Sunday, November 28, 2010


I don't know why, but the last couple months, I've been spending a lot of time reflecting on the past... my old self, both sillier and smarter; somewhat more clear-headed and a great deal more zealous; so much more driven and chafing at my restraints.

I remember how I channeled that first bout of teenage angst and homesickness into the beginnings of an active, passionate blog... dreaming of solving the world's problems, utterly convinced that I could change the world (once I could make sense of it, that is).

I remember how I met my first readers, fellow bloggers whose every update I faithfully read and commented on. I felt a thrilling kinship with these other bloggers, ecstatic that they were taking little old me seriously enough to keep up with and converse with. I will especially never forget iMuslim and Faraz, who showed up in the very early days and put up with my bouts of teenage silliness :)

I spent hours (that I should've spent on homework, probably) surfing the Islamosphere and acquainting myself with what was going on in the Muslim world, online and on the ground, in the East and in the West. To be honest, I think I learned more in those hours of blogging than I did from school!

Of course, the crowning moment came with the inception of - the founders of which never expected for it to reach the levels it did. My involvement with MM basically took all the time and energy that I spent on personal blogging, and alHamdulillaah it really was an amazing experience. I got to brush online shoulders with big shot sheikhs like Sheikh Yasir Qadhi and Sheikh Yaser Birjas; I had the opportunity to vastly improve my writing skills; and I learned a lot about dealing with others in a working environment. It even had some very surprising personal benefits - I never would have expected it to be the catalyst for some much-needed father-daughter bonding (of a sort).

Although certain issues resulted in me leaving MM, it will always hold a special place in my heart for being my first semi-professional project, the place where I grew up... if not in real life, at least in my head :P

AlHamdulillaah, after my approximately year-and-a-half-long hiatus from writing (due to marriage, homesickness, sort-of-depression, pregnancy, childbirth, moving to a new country), I'm now back in business - alHamdulillaah! My fingers are whirring, my brain is spinning, and I feel ready to begin a new, more productive chapter in my life.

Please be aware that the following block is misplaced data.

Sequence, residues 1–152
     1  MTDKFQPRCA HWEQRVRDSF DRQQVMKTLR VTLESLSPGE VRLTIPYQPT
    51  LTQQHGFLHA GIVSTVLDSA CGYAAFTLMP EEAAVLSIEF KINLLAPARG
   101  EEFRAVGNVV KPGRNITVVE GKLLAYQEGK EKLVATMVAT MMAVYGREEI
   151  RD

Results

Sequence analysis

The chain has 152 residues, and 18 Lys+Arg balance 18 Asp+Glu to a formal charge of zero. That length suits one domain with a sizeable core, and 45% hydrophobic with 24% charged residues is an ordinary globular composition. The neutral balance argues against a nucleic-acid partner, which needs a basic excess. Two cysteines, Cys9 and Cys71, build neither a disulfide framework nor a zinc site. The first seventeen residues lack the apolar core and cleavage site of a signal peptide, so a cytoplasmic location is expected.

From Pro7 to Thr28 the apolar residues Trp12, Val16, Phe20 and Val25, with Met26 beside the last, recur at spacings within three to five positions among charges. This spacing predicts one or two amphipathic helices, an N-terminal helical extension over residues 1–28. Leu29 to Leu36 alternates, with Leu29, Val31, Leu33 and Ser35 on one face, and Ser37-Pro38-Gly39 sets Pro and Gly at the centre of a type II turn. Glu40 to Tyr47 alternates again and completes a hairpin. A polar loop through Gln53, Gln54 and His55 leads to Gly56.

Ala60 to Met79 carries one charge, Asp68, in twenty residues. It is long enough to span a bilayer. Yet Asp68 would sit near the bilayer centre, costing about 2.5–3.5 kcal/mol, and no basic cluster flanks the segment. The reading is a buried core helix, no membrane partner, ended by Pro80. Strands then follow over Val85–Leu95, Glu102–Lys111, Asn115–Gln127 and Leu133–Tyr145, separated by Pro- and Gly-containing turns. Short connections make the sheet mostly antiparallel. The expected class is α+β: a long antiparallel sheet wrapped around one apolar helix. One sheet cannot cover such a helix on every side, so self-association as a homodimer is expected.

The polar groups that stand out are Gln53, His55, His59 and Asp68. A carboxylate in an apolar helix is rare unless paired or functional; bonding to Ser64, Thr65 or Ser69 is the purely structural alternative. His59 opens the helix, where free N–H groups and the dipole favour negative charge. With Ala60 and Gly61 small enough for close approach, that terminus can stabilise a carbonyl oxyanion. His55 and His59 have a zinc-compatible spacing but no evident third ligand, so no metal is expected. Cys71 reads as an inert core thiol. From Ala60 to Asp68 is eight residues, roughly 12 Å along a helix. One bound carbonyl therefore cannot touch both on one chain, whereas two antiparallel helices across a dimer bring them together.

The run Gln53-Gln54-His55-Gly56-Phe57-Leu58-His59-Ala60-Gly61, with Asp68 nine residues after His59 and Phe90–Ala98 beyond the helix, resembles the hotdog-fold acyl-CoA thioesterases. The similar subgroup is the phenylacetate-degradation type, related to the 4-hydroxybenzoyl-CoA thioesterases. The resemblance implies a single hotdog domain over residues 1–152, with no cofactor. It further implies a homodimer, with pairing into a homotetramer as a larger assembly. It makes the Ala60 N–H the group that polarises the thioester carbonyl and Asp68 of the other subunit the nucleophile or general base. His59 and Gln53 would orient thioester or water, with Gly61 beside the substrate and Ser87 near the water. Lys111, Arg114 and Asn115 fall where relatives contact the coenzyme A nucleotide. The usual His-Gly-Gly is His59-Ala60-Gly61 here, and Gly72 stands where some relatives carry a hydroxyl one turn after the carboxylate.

I'm beginning a course on how to teach ESL, I've joined the SISTERS magazine team as a freelance writer, and, of course, I have my now 6-month-old Mouseling to keep me busy in the meantime (i.e. all the time).

AlHamdulillaah :)

P.S. Welcome to the blog world, little brother ;)
P.P.S. I really hope I didn't get you in trouble :S

Wednesday, April 07, 2010

Anonymous AnonyMouse

It's been a long time since I've blogged, whether in this long-neglected first cyber home of mine, or at my previous (pseudo)professional position at I've missed it, writing for an audience, although I wonder if it's vain of me to feel my writing validated only if witnessed by others. My husband asked me once, if I needed an audience to write, and then reminded me that the pious predecessors in Islamic history preferred to remain completely unknown if possible. The right answer, I suppose, is that no, one should not need an audience in order to write; my own honest answer, meek and somewhat ashamed, is that yes, I DO need an audience for my writing. It makes me feel like I matter. Is that presumptuous of me? Arrogant? Insincere? Insecure? Hmmmmmm.


What happens to a Muslim in the West if s/he leaves the West? That's the question I find myself pondering as I twiddle my thumbs in my domestic abode in Cairo, Egypt, feeling completely at odds with myself. My entire life has been structured around being a Muslim in Western society; creating my identity and fighting for it, striving to serve a specific community with all its religious, social, cultural, political issues. Now that I'm in a completely different environment, playing a completely different role - domestic, not activist - I am at a loss as to what my identity is now.

Is that a sign that Muslims in the West are way too obsessed with identity issues? That we're so busy struggling to define ourselves that once the issues we fight about constantly are removed, we suddenly feel a gaping emptiness at the lack of conflict? Hmmmmmmmmm, again.